Tanesco’s Lower Kihansi hydroelectric power station located on the Kihansi River falls, a tributary of the Kilombero River in Tanzania, has been in operation since 1999. The hydroelectric facility located in the Ududzungwa escarpment, utilises a net head of 850 metres to generate 180 MW with a provision for additional 120 MW in the future making a total future installed capacity of 300 MW.
The existing system at Kihansi includes a 25 m high concrete gravity dam, which impounds a small reservoir with total water storage of 1.6 million m3 with a live storage of 1.0 million m3. The intake connects to the 2.2 km inclined 1:7 headrace tunnel of 34 − 37.5 m2 via a 25 m2 circular unlined 500 m vertical headrace shaft. The power house cavern (12.6 m wide, 98 m long and 32 m high) has three units driven by Pelton turbines each with a generation capacity of 60 MW connects to the 2.0 km tailrace tunnel and 1.9 km access tunnel. Total tunnels length is in the order of 10 km including auxiliary tunnels.
The Kihansi power facility is a run-off-the-river type and has been responsible for some 32% of Tanzania’s hydropower which is about 20% of the total national power generation. Its renewable energy is supplied to the national grid thru 220 kV transmission lines via the Iringa and Kidatu substations. Lower Kihansi generates annual firm energy of 1,000 GWh to the national grid.
Geologically, Lower Kihansi power plant is located in a hard rock province i.e. rock formation is constituted of Precambrian gneisses. During construction, some of the difficulties and challenges constituted of water under pressure, unconsolidated clayey or sandy zones, rock stress, high, low and crushed or blocky rock mass, etc.
However, says Leonard Kassana, of GE Hydro Consulting Engineers & Planners, Dar es Salaam, the real challenge was how to resolve a claim put forward by a contractor which amounted to US$5.15 million. The contractor filed a claim related to rock conditions during the tunnel excavations claiming that the rock conditions varied much more than what was anticipated in the tender document and hence adversely affected the construction costs. The contractor said that this divergence caused serious problems in underground excavation activities such as drilling, charging and blasting. The contractor claimed that the conditions found during the construction increased construction cost by US$3.55 million and extended time by 378 days equivalent to cost of US$1.6 million.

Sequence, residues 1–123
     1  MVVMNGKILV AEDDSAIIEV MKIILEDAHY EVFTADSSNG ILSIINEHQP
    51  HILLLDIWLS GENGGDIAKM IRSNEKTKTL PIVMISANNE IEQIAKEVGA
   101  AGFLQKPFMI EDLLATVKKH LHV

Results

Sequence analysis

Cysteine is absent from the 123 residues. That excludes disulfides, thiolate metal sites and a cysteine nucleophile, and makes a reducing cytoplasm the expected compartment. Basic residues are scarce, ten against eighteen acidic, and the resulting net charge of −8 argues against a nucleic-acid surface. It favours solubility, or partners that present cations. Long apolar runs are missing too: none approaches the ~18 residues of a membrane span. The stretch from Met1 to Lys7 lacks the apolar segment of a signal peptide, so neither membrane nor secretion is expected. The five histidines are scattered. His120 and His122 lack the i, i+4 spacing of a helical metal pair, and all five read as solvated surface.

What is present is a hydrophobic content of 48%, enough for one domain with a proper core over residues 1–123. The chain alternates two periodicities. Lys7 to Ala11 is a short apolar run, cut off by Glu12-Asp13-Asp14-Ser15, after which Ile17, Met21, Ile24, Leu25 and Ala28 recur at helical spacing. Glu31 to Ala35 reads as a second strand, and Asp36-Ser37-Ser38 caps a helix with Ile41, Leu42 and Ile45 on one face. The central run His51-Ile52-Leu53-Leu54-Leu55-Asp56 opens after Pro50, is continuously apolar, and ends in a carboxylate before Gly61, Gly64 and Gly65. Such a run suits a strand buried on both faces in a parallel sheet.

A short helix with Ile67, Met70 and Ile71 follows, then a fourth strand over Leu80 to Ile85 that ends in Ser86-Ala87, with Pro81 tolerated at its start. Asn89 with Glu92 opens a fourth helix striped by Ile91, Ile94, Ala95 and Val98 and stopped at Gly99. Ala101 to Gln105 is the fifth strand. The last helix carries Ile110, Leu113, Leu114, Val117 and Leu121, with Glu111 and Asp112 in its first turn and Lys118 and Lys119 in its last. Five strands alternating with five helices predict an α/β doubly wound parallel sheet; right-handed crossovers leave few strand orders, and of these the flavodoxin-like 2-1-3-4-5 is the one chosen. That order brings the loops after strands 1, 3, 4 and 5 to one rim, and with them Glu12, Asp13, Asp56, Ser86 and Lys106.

The project engineer undertook the assignment to evaluate the claim by considering the following key questions:
- Were the rock conditions encountered different from what could be expected?
- Could the stated conditions be responsible for the serious problems in the underground excavation activities?
- Were there other conditions that could explain the delays in the underground excavations?
The project engineers team compared the rock mass quality values (Q values) predicted in the tender documents and the Q values obtained by geological logging of the tunnels and largely established that a higher proportion of good rock and lower proportion of poor rock were encountered than was predicted in the tender documents. Thus based on this analysis, the contractor’s claim was rejected hence saving US$5.15 million in potential settlement payments.
The experience at Lower Kihansi shows the importance of several aspects in developing construction contracts, including the need for a clear expectation model (ground conditions in the tender document) about the ground conditions and accurate recording during the construction of all relevant conditions affecting progress. Two specific actions are worth noting:
- Development of a ground conditions expectation model for inclusion in the tender document was a key. Basically this model is a set of relevant data and info that is a part of the tender/bid document. The model includes fairly estimated descriptions of the expected ground conditions with clear definitions of quality classification.
- Accurate recording of all relevant conditions affecting work progress during the construction is essential. For Lower Kihansi, Tanesco used these recordings to analyse conditions and identify for possible improvements. Although each project is different, typically the construction supervisor is responsible for these recordings. It is important to include such a requirement in the project contracts/document that guide the construction activities.